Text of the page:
Updated: Jan 29
Longer days, thanks to the summer solstice, haven't exactly meant logging in extra hours of sleep in this household. What it has allowed, however, is a preconceived notion that because the days are staying lighter much longer, that the hours we stay awake, too, should be much longer. As a result, more time is being spent in the kitchen, allowing more sweet treats to make their way into our 'before bedtime' rituals.
I suppose that when my children look back one day, the memories of long summer days will bring back memories of gathering around the table together as a family. Indulging in a little late night delicacy will provide me with a feeling of accomplishment and satisfaction that we took advantage of spending the extra time together. What it also means, is that we need to amp up the activity level in this household. Daily bike rides and walks have dwindled, as the air has become much hotter and more humid. It is time to plan for excursions with exercise in mind!
One activity we enjoy as a family is venturing out to the local farmers' market to select our fresh produce. You never really know what you will find, which makes for interesting (and impromptu) culinary planning. Annually, we go strawberry picking and 'can' jam to gift to friends and neighbors. This year we have yet to go as the restrictions have limited us. Since time is passing, perhaps we'll pick blueberries instead. I quite like the idea of making blueberry jam!
This week the market had the most magnificent ripe-looking apricots. It was then decided that we would fill our basket with apricots, only to figure out later what we might do with them. The cherries were also divine looking and available in both a deep violet hue as well as a hybrid of red and yellow. We grabbed bags of both. A variety of lettuces and herbs made way into our canvas totes, as well as tomatoes on a vine and a jar of pickled peppers. Another activity I'd like to try this summer is pickling peppers and would love tips if anyone has them.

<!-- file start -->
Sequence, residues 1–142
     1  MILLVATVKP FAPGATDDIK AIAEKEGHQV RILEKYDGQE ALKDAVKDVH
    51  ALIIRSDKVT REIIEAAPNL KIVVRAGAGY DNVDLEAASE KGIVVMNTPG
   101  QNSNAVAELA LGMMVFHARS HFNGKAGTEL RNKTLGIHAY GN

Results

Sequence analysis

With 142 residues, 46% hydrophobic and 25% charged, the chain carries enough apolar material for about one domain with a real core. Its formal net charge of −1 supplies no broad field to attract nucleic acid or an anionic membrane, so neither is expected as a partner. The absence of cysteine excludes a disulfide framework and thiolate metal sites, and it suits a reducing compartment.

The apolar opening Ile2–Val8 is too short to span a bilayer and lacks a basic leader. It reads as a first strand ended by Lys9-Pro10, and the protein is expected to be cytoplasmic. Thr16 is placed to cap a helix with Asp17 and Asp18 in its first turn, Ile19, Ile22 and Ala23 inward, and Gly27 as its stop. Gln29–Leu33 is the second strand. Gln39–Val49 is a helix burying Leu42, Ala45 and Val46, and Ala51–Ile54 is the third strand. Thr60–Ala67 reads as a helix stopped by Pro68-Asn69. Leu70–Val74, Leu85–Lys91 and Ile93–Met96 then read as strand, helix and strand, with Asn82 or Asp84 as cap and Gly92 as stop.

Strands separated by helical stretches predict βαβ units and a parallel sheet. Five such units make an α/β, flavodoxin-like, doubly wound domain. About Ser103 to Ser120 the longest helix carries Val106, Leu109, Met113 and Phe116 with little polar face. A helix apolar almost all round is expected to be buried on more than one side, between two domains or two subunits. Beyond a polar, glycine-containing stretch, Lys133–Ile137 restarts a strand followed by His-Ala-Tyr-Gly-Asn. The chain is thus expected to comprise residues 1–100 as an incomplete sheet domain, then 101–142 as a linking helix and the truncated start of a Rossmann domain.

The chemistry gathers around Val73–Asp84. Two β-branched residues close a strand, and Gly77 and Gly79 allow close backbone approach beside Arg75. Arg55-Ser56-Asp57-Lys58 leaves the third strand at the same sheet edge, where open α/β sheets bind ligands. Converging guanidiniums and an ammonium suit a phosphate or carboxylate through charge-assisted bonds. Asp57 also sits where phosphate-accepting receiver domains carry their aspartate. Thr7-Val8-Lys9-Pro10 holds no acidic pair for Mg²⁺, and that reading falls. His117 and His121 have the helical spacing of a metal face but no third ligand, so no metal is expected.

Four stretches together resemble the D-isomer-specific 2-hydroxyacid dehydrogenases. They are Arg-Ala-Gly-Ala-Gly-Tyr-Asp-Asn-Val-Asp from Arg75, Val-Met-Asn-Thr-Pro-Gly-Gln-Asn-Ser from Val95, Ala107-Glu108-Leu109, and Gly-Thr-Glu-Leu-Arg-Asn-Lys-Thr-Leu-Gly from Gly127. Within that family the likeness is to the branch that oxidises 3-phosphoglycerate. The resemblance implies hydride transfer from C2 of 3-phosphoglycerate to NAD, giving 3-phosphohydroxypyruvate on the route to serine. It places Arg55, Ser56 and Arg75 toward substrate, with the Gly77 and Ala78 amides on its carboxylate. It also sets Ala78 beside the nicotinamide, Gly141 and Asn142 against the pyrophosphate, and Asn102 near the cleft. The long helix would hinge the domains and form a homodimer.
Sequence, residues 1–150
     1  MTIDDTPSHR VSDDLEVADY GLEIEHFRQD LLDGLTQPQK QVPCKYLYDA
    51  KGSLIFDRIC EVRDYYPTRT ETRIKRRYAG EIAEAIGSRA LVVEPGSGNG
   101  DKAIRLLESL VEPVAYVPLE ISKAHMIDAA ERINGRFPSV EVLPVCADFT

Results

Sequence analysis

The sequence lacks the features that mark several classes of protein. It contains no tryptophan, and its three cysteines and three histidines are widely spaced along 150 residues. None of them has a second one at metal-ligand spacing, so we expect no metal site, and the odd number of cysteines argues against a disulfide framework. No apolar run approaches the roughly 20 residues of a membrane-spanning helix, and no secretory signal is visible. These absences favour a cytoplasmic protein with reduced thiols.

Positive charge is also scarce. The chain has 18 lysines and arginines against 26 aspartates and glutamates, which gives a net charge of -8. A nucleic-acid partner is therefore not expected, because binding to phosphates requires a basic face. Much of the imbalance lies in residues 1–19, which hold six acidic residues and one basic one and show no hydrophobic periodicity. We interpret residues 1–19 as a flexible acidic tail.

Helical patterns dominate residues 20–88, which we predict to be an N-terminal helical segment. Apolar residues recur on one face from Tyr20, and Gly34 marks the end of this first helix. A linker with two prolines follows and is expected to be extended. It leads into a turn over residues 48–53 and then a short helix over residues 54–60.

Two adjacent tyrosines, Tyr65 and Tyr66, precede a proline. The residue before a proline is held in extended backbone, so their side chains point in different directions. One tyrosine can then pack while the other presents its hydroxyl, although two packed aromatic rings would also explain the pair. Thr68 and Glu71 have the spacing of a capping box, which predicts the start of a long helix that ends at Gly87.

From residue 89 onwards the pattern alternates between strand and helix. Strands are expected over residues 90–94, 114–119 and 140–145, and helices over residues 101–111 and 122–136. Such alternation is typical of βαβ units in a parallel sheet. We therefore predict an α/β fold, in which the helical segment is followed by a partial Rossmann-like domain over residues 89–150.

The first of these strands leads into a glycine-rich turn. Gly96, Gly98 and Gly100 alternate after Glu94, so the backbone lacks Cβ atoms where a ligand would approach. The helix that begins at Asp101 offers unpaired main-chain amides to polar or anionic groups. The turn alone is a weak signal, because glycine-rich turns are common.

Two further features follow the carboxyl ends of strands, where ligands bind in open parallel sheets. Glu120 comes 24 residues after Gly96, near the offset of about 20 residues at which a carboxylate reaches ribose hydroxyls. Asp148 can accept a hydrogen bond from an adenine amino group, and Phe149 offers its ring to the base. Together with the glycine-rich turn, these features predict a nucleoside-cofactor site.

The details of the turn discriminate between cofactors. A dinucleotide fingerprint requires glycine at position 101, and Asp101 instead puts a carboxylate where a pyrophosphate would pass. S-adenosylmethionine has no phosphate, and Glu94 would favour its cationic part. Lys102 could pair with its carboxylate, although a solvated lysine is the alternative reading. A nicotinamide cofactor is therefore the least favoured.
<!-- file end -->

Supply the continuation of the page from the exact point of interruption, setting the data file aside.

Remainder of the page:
Upon arriving home, it is the children's duty to hand-wash and put away all of the produce. Fresh fruits are typically displayed on ceramic or milk glass pieces on the countertops in an effort not only to please the eye but as an attempt to select the fresh fruit first, before grabbing the dreaded alternative - a salty snack bag. (Pictured above is our 'oval dish' from the 'Bunny' ceramics collection, our second collaboration with FIMA Deruta. The previous photo is a pitcher by Mosser Glass and it is available in our online shop).
Initially, we had a cherry clafoutis in mind when selecting the cherry bags. We later determined that the cherries would be reserved for a tomato gazpacho, along with the leftover organic berries in the fridge, and that we would make an apricot clafoutis for dessert with the beautifully selected orange fruit.
Two other tasks we like to give the children are both cutting the product and measuring the ingredients. *When the girls were young, they would wear a protective glove when cutting, and I would recommend this for any child without experience with sharp knives. (EVRIDWear Kids makes an affordable kid-sized glove for protecting the hands and they can be easily purchased on Amazon). Because my husband is French, much of his recipes are measured in grams. It is good math practice for the children when they are forced to convert measurements. Another way we measure the ingredients in grams is with a scale.
The bonus when making a clafoutis is that it not only makes the very best summer dessert, but it equally serves as a scrumptious leftover breakfast the next morning. I suppose that would only make sense, as we have been known to use leftover pancake batter to produce the very same 'custardy' base often used in order to make a clafoutis. For the full clafoutis recipe, scroll to the bottom of this page.
While the clafoutis baked in the oven, it was time to mix the medley of vegetables for the gazpacho. The children had already washed and sliced the tomatoes, peppers, cucumbers, and fresh jalapeños. As previously mentioned, we decided to add the freshly selected cherries from the farmers' market and the organic strawberries that had been reserved in the fridge to the gazpacho blend. The vegetables and fruits were then tossed with olive oil, sea salt, pepper, and sherry vinegar.
After seasoning all of the vegetables, it was time to purée them in the Vitamix. Generous helpings of extra virgin olive oil were added throughout the process. We reserved a handful of whole cherries, strawberries, pepper, jalapeño, and onion for the garnish. *For the full recipe on how to prepare our version of a summer cherry gazpacho, scroll to the bottom of the page.